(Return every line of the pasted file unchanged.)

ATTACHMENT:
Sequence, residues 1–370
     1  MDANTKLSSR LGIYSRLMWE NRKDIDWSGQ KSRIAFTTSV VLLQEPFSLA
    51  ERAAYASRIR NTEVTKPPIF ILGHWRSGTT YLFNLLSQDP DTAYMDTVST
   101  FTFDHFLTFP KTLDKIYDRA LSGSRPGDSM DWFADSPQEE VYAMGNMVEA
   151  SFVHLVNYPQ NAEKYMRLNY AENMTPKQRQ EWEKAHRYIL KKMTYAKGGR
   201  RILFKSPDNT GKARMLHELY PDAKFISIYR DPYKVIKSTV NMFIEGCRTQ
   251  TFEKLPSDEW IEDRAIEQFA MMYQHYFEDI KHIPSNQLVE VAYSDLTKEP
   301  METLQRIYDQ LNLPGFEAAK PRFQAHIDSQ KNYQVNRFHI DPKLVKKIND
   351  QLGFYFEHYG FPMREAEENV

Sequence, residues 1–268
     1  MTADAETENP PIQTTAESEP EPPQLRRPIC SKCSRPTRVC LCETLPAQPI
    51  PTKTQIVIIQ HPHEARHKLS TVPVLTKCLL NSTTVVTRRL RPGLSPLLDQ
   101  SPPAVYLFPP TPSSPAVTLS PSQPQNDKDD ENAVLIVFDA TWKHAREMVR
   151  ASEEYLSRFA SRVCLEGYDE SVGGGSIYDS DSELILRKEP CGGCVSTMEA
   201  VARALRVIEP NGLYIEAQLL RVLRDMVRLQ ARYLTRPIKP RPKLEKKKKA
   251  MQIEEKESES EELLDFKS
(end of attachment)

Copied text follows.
Sequence, residues 1–370
     1  MDANTKLSSR LGIYSRLMWE NRKDIDWSGQ KSRIAFTTSV VLLQEPFSLA
    51  ERAAYASRIR NTEVTKPPIF ILGHWRSGTT YLFNLLSQDP DTAYMDTVST
   101  FTFDHFLTFP KTLDKIYDRA LSGSRPGDSM DWFADSPQEE VYAMGNMVEA
   151  SFVHLVNYPQ NAEKYMRLNY AENMTPKQRQ EWEKAHRYIL KKMTYAKGGR
   201  RILFKSPDNT GKARMLHELY PDAKFISIYR DPYKVIKSTV NMFIEGCRTQ
   251  TFEKLPSDEW IEDRAIEQFA MMYQHYFEDI KHIPSNQLVE VAYSDLTKEP
   301  METLQRIYDQ LNLPGFEAAK PRFQAHIDSQ KNYQVNRFHI DPKLVKKIND
   351  QLGFYFEHYG FPMREAEENV

Sequence, residues 1–268
     1  MTADAETENP PIQTTAESEP EPPQLRRPIC SKCSRPTRVC LCETLPAQPI
    51  PTKTQIVIIQ HPHEARHKLS TVPVLTKCLL NSTTVVTRRL RPGLSPLLDQ
   101  SPPAVYLFPP TPSSPAVTLS PSQPQNDKDD ENAVLIVFDA TWKHAREMVR
   151  ASEEYLSRFA SRVCLEGYDE SVGGGSIYDS DSELILRKEP CGGCVSTMEA
   201  VARALRVIEP NGLYIEAQLL RVLRDMVRLQ ARYLTRPIKP RPKLEKKKKA
   251  MQIEEKESES EELLDFKS